Pneumothorax involves collapsed lungs with air filling the space that surrounds the lungs within the chest cavity. Pneumothorax cases with severely collapsed lungs are potentially life-threatening, especially if the accumulation of air in the chest cavity is rapid and progressive leading to ever increasing pressure on ever collapsing lungs (tension pneumothorax). Pneumothorax cases typically fall into two groups.
The first group, comprising most of the cases that we see, involves trauma, usually follows road traffic accidents, where broken ribs etc leads to a punctured lung or damaged airway. The punctured lung (or airway) is where the air that fills the chest cavity comes from. Occasional cases involve external trauma like bite wounds where big dogs maul little dogs, although many of these cases would not survive long enough to get veterinary attention. The canine teeth of the large dog penetrate the chest cavity and air can enter the chest cavity through the wound, without having first gone down the airway into the lungs. Surgical interventions where external air has the opportunity to enter the chest through a chest wall wound or through a hole in the diaphragm would also fall into this category of traumatic pneumothorax. This first traumatic pneumothorax group can usually be treated by keeping the lung cavity drained for a few days while any tear in the lung seals over, or while any chest wall wound heals. Damaged airways sometimes need to be surgically repaired. Minor volumes of pneumothorax in clinically stable animals can sometimes be left to resolve spontaneously without intervention.
The second group of pneumothorax cases involves pathological areas of lungs that then rupture and allow air to accumulate in the chest cavity. The lungs in these cases does not usually heal over and the affected area of lung usually needs to be removed surgically. So long as the affected area is localised the prognosis following removal of a lung lobe is usually good.
Vesper was a young Labrador, hit by a car. There was respiratory distress (difficulty breathing). Conscious x-rays are rarely of as good a quality as is possible under GA, but if the patient will remain still for a moment under the x-ray beam, they are usually plenty adequate to get a “handle” on what is going on. Vesper obliged, and a conscious x-ray showed the collapsed lungs and air surrounding the lungs within the chest cavity. The question was then whether to sedate or anaesthetise to get control of the situation. A dog that has had trauma and pneumothorax is not a standard anaesthetic risk. On the other hand, once under anaesthetic with a tube placed in the trachea (wind pipe), we could ventilate the lungs artificially. Under sedation with no tracheal intubation in place, we were reliant on Vesper continuing to ventilate her own lungs. We hedged our bets and went for sedation, with everything to hand for immediate anaesthetic induction and/or emergency intubation if her oxygen levels crashed. A chest drain was placed into the chest cavity through the right chest wall. Once the air was removed from her chest cavity and the lungs re-inflated, her breathing markedly improved. Xray (still conscious so still less than perfect positioning!) confirmed the position of the drain. Sometimes the drains are a bit of a law unto themselves and can fold into curious positions within the chest cavity, but this one was lying nice and straight. Sometimes the (which divides the two halves of the chest cavity) prevents a chest drain on one side from draining the other side too. But in this case one drain sufficed to drain both sides and there was no need to place one on the other side as well.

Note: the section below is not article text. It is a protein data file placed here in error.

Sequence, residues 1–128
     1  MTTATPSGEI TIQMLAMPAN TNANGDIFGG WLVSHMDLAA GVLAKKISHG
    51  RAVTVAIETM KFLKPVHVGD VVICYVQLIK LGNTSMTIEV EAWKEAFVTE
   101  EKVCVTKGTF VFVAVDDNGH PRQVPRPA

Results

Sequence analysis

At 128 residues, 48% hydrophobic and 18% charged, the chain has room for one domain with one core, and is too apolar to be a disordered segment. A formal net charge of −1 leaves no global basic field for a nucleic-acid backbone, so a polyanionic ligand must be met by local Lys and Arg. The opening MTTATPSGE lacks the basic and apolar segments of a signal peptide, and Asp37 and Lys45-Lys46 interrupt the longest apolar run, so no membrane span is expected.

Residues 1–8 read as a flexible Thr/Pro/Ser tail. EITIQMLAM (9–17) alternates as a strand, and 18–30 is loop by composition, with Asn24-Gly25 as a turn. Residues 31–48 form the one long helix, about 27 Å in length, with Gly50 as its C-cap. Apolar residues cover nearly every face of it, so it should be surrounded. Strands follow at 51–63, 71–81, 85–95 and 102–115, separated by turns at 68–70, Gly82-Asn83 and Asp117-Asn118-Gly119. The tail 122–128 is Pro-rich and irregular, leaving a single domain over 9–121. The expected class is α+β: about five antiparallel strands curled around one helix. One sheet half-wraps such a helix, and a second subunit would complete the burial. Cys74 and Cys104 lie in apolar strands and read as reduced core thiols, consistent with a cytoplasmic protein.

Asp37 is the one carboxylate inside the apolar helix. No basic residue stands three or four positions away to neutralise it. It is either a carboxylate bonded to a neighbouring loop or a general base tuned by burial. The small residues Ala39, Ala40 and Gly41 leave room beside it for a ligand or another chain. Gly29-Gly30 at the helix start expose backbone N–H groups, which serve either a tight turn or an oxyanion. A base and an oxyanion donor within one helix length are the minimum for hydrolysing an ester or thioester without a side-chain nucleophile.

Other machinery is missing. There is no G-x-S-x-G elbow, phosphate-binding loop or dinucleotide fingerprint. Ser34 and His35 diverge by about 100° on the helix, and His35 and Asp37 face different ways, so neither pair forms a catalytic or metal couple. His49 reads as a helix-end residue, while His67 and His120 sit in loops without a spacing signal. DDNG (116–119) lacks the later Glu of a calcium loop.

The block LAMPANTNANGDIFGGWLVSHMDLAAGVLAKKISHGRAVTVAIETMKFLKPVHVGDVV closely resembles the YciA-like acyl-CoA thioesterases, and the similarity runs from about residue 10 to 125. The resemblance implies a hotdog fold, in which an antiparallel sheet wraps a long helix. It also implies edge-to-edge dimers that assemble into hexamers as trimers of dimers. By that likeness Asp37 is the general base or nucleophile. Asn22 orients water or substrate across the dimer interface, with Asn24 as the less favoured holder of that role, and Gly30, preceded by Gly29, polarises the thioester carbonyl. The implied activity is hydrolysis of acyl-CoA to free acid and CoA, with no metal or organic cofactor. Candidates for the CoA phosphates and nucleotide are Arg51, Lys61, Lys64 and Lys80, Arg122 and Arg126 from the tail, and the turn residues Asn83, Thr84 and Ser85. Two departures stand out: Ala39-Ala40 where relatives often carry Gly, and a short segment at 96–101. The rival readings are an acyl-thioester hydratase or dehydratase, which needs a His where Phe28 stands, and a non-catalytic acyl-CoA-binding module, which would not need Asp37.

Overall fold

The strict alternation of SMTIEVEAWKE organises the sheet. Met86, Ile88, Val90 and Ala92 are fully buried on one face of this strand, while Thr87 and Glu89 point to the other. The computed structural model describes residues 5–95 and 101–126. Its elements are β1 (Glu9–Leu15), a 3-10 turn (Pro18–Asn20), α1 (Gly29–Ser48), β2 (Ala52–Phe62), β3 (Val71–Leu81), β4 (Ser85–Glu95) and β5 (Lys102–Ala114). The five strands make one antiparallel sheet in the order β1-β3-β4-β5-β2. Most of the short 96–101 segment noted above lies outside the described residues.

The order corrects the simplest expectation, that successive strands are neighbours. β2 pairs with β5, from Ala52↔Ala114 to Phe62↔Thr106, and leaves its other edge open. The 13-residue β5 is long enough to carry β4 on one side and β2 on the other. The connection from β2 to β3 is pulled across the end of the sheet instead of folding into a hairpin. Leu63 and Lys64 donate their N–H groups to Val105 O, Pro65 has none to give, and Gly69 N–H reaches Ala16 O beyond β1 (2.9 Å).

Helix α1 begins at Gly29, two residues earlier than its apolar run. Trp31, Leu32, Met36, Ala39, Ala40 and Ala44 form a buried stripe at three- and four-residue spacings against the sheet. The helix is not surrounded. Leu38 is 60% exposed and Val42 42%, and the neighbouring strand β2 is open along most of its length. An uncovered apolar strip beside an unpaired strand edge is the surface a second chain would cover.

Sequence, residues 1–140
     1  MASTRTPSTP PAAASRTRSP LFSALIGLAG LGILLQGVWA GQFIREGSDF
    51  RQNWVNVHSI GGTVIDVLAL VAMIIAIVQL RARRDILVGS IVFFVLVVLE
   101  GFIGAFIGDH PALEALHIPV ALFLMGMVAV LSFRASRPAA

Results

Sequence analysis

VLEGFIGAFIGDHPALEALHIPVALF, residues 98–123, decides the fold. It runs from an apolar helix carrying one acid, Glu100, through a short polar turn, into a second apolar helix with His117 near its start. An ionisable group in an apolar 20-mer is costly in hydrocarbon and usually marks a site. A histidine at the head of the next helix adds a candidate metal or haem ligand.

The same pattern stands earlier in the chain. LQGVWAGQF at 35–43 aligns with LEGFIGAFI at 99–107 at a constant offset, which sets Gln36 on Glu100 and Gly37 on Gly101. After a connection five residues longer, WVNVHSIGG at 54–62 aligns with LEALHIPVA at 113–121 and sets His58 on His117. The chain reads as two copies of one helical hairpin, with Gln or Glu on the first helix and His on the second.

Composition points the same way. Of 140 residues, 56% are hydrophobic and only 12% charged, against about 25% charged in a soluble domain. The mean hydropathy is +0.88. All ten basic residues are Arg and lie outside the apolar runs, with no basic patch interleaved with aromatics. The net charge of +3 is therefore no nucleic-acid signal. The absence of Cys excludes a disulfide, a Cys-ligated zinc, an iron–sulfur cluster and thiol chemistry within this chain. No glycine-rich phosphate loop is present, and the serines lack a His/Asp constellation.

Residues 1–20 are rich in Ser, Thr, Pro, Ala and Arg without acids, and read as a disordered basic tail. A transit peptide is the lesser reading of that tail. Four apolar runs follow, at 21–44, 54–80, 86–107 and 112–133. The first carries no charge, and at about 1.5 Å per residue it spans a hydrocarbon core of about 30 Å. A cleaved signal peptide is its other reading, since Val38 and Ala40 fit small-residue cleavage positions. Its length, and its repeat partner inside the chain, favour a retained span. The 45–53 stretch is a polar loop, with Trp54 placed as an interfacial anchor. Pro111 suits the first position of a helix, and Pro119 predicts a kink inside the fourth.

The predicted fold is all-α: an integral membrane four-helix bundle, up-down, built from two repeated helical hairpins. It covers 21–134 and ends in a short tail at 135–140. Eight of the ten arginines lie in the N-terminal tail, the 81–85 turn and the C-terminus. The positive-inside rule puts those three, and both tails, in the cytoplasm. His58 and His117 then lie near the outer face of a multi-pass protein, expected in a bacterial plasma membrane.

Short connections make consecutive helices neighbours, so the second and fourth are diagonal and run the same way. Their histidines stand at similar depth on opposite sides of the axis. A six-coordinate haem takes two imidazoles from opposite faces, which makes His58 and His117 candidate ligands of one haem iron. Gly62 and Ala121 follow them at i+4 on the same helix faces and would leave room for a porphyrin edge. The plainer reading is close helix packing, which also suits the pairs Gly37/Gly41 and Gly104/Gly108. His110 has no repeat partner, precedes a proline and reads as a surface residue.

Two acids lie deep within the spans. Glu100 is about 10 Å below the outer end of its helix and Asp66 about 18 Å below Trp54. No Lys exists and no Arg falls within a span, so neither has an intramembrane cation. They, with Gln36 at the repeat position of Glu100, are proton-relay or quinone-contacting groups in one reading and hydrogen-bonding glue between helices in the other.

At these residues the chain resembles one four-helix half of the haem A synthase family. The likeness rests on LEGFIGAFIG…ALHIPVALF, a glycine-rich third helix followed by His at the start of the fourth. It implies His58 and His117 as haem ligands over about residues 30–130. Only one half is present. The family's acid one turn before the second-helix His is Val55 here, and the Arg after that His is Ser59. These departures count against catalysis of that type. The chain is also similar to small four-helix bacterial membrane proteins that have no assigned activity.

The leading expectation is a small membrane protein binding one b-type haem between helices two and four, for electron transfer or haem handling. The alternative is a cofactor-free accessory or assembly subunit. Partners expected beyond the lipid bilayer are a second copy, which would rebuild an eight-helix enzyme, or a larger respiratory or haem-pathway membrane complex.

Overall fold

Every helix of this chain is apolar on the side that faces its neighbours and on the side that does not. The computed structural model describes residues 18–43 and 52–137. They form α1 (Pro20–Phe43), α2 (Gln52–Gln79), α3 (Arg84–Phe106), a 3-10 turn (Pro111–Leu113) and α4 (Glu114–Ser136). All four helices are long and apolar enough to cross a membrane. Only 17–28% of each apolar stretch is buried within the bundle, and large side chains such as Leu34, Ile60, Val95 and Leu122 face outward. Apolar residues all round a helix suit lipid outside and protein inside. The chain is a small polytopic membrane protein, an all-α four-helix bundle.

In the post-op period after chest drain placement it is essential to have “eyes on” the patient. If the chest drain is interfered with, air can flood back into the chest cavity and the patient is right back into a life-threatening scenario. We secure the drain to the side of the chest with a skin suture and with a Tubigauze vest, and an Elizabethan collar is used.
Vesper was amazingly happy and contented and seemed utterly unconcerned by the presence of the injury of the drain. 100-200ml of air was being removed from her chest every 30-60 minutes via the drain and a suction system. This volume gradually declined over the next 48 hours. Chest drainage and close observation was continued through the night. Once the volume was down to just a few ml of air, (and a few ml of fluid, which is actually caused by the drain itself, acting as a foreign body), we removed the drain. Vesper was discharged for strict rest at home for the next 2-3 weeks while the sealed tear in the lungs reliably repairs.
3rd October 2015